I have three really busy days this week, and then shit gradually slows down to almost nothing for the rest of the summer. On that note, I have a couple of mind-blowingly awesome projects which I hope to share with you later in the season, and also I will get those fucking translations up soon wtf. I am also beginning to be gravely concerned by my treatment of Rashoumon, which, now I look at, it is really awful. Also I was somehow finagled into translating a light novel, which is so, so unbelievably gross, oh my god, you have no idea. All of those things will be making their way to a monitor near you sometime this summer.

Next post: Needs more Sherlock, and the Kindle, too — oops!

Date: 2011-04-25 04:35 pm (UTC)
starburns: (SOLO)
From: [personal profile] starburns
I haven't met very many people who were sincere fans of Rand's work, but none of them could be considered "geniuses" by any stretch of the imagination. They'd usually just managed to convince themselves that they were a lot smarter than they actually were. I feel like actual geniuses would have much better things to do than sit around crowing about how brilliant they are.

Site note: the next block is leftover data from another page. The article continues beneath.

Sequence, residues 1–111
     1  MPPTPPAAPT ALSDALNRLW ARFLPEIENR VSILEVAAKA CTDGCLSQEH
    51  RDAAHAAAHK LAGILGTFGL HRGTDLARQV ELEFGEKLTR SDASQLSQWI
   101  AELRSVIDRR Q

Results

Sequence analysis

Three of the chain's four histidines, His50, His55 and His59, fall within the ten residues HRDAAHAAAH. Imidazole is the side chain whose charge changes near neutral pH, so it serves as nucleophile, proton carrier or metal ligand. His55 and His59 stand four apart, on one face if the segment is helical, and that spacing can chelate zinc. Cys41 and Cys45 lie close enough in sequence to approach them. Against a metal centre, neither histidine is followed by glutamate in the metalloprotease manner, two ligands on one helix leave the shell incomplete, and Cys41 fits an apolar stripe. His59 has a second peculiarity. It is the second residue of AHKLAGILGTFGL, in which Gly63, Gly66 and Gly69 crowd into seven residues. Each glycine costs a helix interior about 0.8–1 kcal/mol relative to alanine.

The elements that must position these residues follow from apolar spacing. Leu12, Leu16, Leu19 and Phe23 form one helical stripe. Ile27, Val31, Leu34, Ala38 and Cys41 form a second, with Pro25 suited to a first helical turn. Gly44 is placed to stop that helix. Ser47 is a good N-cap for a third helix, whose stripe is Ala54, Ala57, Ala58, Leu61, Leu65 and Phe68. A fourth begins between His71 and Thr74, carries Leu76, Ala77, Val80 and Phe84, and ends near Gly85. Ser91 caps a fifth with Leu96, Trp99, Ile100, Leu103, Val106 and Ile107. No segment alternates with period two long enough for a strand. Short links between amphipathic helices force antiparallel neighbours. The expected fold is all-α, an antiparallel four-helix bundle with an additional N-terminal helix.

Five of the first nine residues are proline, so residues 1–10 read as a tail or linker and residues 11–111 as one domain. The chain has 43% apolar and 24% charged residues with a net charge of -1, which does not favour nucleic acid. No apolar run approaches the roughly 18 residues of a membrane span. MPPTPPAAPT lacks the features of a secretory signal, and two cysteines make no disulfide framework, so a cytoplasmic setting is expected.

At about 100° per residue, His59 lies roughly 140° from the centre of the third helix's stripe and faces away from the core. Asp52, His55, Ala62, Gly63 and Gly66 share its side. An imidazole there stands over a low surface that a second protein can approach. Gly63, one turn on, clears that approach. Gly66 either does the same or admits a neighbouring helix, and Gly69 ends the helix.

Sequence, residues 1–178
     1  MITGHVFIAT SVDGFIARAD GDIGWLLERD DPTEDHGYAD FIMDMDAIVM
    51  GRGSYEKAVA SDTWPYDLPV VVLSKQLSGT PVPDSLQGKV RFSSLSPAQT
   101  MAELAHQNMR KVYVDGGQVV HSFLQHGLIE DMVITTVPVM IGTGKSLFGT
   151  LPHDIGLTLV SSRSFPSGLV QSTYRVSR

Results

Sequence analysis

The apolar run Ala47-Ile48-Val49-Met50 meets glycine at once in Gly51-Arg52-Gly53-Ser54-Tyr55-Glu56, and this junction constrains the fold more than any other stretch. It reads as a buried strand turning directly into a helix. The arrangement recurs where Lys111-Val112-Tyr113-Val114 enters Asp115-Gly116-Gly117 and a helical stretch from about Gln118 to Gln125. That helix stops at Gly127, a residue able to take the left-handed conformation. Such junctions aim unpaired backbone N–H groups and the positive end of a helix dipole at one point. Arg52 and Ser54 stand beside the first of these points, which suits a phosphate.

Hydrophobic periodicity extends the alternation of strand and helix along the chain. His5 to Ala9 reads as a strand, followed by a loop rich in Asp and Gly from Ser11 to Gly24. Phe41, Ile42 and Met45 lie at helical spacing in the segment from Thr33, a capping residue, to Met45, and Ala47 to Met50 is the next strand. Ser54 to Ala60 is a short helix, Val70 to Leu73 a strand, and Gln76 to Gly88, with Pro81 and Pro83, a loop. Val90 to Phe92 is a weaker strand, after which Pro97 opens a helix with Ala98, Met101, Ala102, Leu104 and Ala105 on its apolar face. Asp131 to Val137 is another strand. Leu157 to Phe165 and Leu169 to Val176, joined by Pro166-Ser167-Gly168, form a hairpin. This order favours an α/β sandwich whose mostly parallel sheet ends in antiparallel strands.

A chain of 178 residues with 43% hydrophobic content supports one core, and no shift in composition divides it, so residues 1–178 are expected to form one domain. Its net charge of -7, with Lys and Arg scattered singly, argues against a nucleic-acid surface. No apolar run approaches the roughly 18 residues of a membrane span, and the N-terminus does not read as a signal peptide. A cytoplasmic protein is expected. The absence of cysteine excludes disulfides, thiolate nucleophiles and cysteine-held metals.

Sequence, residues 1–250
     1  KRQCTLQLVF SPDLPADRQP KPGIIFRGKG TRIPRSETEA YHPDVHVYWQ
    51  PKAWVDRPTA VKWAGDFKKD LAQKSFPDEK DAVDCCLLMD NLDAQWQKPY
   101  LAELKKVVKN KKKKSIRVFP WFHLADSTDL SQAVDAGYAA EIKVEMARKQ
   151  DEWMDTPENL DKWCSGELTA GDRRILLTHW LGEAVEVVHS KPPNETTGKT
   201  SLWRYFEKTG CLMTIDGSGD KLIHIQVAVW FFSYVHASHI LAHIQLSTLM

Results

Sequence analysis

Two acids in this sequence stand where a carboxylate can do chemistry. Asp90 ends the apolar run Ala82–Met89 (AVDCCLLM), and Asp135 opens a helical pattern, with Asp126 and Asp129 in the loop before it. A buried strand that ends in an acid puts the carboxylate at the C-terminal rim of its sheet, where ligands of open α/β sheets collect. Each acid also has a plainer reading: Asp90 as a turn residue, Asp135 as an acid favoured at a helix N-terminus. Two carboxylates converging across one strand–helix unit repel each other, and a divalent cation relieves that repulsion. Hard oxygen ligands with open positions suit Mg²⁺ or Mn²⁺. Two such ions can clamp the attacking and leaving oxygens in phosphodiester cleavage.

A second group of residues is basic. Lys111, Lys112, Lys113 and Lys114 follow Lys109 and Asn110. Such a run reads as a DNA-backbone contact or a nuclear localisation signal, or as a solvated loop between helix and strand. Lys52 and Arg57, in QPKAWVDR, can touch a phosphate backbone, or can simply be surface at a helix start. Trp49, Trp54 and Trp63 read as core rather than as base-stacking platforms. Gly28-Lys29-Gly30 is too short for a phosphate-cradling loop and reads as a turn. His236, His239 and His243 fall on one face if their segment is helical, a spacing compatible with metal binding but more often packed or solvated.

Also, I also have a hard time believing Ayn Rand was any sort of genius. So as for the intelligence of anyone who has chosen to model their life's philosophy on her terrible writing... well. Well.

Date: 2011-05-05 03:12 am (UTC)
starburns: (SOLO)
From: [personal profile] starburns
Oh, definitely, a lot of those sour-puss Objectivist d-bag types exist. I meant more that I'm not convinced many of them are truly "geniuses". I guess a 140+ IQ is a popular benchmarker for "genius" qualification, though, so if you're going by that then maybe they would be? Or maybe it takes a genius to know a genius, and I'm definitely not a genius, so, you know. I should probably shut up.

Like many a quiet-ish, nerdy young woman, my first boyfriend was a slightly older, self-identified "Libertarian". He bought his school papers online, because he had "better things to do" than write them. He didn't even have the defense of being a science kid: he thought he was going to be a genius in business. I know I'm not particularly smart, but when he told me he was smarter than I was, I feel like I had grounds to be affronted.